Those of you who wanted VT to be winning 42-7 midway through the second quarter — instead of at the end of the game — are going to be disappointed by this writeup. Those of you who think the “starters should have been fired up to play hard and get off the field early” are going to be disappointed.
Those of you who think the players and coaches are robots who should be able to perform at 100% peak efficiency, whether it’s two weeks rest, ten days rest, seven days rest, or five days rest … are going to be disappointed.
As I write this, I’ve got a horrendous cold that hit its stride Friday night and made me a zombie Saturday. All I really want to do right now (Sunday night as I write this) is take a nap. For about 15 hours.
How did I get this cold? I’m usually a healthy guy. I got this cold because I crammed a week’s worth of work into five days … check that, four days. I was in the press box until 2:30 AM Monday night, didn’t get to sleep until 3:30 AM Monday night, and was up until 2:00 AM Tuesday night watching the game film. Up till midnight Wednesday and Thursday, just trying to catch up. In four days, I think I got 21 hours of sleep.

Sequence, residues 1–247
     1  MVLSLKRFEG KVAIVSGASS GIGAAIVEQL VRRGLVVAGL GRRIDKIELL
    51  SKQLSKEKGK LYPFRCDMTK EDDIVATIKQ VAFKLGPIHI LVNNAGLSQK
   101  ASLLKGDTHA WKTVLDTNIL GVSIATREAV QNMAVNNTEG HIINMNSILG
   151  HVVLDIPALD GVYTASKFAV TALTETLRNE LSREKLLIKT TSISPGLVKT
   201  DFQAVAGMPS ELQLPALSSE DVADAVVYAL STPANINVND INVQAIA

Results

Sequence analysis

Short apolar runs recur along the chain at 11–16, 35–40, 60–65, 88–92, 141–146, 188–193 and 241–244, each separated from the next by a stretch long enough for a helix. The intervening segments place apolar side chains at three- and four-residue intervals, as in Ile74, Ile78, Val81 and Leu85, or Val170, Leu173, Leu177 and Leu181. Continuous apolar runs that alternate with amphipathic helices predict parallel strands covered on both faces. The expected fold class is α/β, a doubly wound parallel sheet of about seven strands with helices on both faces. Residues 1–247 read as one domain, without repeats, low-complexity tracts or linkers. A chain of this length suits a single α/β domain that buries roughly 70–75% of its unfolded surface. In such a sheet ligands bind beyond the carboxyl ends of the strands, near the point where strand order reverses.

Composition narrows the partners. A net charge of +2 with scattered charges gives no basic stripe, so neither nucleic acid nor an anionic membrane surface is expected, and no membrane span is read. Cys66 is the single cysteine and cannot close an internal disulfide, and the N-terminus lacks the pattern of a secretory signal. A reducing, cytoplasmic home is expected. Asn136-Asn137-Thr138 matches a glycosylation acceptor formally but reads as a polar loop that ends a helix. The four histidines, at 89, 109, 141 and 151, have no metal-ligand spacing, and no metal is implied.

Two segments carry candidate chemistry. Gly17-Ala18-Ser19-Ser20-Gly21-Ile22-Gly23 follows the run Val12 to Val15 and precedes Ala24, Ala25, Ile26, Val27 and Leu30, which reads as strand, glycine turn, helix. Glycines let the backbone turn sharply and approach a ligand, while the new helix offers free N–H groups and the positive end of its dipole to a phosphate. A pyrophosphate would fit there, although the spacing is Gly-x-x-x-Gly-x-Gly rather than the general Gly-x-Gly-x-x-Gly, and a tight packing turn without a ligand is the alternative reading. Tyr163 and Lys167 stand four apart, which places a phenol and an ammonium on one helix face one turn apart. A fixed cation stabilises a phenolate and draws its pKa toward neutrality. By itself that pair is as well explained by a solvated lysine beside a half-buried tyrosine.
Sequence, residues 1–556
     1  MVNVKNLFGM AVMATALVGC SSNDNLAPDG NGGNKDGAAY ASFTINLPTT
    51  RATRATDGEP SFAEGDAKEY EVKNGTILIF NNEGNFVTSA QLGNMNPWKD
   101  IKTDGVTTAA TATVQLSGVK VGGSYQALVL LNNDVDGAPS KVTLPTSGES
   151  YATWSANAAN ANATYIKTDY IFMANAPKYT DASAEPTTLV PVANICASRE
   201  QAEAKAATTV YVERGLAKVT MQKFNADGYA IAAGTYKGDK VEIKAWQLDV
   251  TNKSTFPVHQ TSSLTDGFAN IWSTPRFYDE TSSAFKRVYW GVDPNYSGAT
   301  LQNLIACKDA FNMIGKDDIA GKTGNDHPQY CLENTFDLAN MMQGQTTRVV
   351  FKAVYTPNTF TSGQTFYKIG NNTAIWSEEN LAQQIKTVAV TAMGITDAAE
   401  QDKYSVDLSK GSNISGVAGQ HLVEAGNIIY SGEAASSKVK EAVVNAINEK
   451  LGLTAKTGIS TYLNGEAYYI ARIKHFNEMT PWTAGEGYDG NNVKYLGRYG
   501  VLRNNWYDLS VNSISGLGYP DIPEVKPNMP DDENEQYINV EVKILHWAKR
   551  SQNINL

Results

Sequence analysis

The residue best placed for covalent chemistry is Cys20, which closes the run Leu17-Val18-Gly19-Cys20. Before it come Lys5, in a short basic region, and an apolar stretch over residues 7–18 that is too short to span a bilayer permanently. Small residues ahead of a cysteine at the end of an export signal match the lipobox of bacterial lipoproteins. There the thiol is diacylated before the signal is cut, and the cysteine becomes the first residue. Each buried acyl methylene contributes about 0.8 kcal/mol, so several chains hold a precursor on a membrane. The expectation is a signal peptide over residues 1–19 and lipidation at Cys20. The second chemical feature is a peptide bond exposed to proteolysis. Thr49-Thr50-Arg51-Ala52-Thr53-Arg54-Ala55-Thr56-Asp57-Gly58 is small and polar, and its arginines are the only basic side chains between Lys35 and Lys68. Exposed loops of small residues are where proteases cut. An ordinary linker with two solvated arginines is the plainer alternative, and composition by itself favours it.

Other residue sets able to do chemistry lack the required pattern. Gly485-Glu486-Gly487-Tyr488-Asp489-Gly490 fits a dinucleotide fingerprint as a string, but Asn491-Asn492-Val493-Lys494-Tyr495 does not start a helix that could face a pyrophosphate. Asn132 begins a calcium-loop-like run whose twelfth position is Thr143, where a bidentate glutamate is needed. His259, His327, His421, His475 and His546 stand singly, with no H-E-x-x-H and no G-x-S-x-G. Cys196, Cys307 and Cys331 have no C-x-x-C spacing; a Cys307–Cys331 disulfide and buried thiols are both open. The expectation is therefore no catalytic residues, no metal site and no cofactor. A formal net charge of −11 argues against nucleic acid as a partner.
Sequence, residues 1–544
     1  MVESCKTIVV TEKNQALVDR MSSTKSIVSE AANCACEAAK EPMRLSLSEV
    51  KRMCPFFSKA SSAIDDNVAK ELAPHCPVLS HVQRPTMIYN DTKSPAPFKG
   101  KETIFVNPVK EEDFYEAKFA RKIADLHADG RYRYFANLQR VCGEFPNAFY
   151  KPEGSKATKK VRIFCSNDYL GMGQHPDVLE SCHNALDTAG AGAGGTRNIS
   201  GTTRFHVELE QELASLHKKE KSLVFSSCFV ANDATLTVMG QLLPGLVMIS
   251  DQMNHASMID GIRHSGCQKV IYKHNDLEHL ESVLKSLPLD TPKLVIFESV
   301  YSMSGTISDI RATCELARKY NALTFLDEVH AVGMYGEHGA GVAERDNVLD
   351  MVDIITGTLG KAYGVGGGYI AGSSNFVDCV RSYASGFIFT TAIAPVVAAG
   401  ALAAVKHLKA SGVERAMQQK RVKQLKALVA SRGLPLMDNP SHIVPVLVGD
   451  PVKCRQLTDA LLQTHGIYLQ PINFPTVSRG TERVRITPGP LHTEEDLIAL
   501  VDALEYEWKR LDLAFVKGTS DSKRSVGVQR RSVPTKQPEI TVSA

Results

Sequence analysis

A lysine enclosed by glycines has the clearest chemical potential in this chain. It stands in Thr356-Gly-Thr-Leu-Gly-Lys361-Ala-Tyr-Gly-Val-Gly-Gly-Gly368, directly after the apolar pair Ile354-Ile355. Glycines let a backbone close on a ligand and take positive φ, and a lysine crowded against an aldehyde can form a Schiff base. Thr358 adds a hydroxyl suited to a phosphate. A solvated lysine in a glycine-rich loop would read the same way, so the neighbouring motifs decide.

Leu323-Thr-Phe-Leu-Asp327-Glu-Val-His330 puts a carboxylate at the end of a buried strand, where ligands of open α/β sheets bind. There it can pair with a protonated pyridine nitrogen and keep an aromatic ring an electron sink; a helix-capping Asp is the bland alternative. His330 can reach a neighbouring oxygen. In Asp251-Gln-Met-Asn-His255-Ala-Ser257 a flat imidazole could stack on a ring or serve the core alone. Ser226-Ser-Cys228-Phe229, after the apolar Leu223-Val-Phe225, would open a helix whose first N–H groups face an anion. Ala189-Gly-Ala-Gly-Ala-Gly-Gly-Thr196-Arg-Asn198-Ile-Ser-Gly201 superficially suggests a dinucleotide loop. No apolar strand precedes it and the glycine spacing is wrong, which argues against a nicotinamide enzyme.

At my age, 47, that’s a prescription for exhaustion and a rundown immune system. Bam, a cold ensued. I picked it up Wednesday or Thursday, I think.
What does this have to do with the Austin Peay game? A lot. By the end of the week, I was tired, disinterested, and just wanted to make it through the AP game.
Which is how the players and coaches looked to some of you. Get my point?
Playing a game after a five-day break is a performance-killer. You can’t properly prepare, and try as you might, you will not run at peak efficiency. We aren’t even talking about a Saturday-Thursday break here, where a team plays a Saturday afternoon game, gets to go to bed at a reasonable hour, sleeps late Sunday, then recuperate all day Sunday before classes start on Monday.
We’re talking about a Monday-Saturday stretch,...
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